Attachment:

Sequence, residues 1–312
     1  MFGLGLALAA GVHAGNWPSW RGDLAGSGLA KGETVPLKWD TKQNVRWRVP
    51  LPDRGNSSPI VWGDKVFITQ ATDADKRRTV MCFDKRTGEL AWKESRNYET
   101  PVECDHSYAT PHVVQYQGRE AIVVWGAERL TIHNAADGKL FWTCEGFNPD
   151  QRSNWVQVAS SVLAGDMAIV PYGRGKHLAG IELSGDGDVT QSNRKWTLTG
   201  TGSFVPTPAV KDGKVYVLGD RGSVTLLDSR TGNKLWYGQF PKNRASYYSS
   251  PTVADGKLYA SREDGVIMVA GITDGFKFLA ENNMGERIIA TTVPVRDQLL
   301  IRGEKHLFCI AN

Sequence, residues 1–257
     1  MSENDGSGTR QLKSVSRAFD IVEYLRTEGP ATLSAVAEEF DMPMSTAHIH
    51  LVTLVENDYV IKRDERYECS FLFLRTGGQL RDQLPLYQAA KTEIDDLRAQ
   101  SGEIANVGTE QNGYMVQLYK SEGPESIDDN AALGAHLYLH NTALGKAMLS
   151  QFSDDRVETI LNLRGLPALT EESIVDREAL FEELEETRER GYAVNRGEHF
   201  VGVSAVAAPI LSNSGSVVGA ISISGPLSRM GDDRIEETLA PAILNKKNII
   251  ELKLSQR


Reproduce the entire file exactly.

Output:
Sequence, residues 1–312
     1  MFGLGLALAA GVHAGNWPSW RGDLAGSGLA KGETVPLKWD TKQNVRWRVP
    51  LPDRGNSSPI VWGDKVFITQ ATDADKRRTV MCFDKRTGEL AWKESRNYET
   101  PVECDHSYAT PHVVQYQGRE AIVVWGAERL TIHNAADGKL FWTCEGFNPD
   151  QRSNWVQVAS SVLAGDMAIV PYGRGKHLAG IELSGDGDVT QSNRKWTLTG
   201  TGSFVPTPAV KDGKVYVLGD RGSVTLLDSR TGNKLWYGQF PKNRASYYSS
   251  PTVADGKLYA SREDGVIMVA GITDGFKFLA ENNMGERIIA TTVPVRDQLL
   301  IRGEKHLFCI AN

Sequence, residues 1–257
     1  MSENDGSGTR QLKSVSRAFD IVEYLRTEGP ATLSAVAEEF DMPMSTAHIH
    51  LVTLVENDYV IKRDERYECS FLFLRTGGQL RDQLPLYQAA KTEIDDLRAQ
   101  SGEIANVGTE QNGYMVQLYK SEGPESIDDN AALGAHLYLH NTALGKAMLS
   151  QFSDDRVETI LNLRGLPALT EESIVDREAL FEELEETRER GYAVNRGEHF
   201  VGVSAVAAPI LSNSGSVVGA ISISGPLSRM GDDRIEETLA PAILNKKNII
   251  ELKLSQR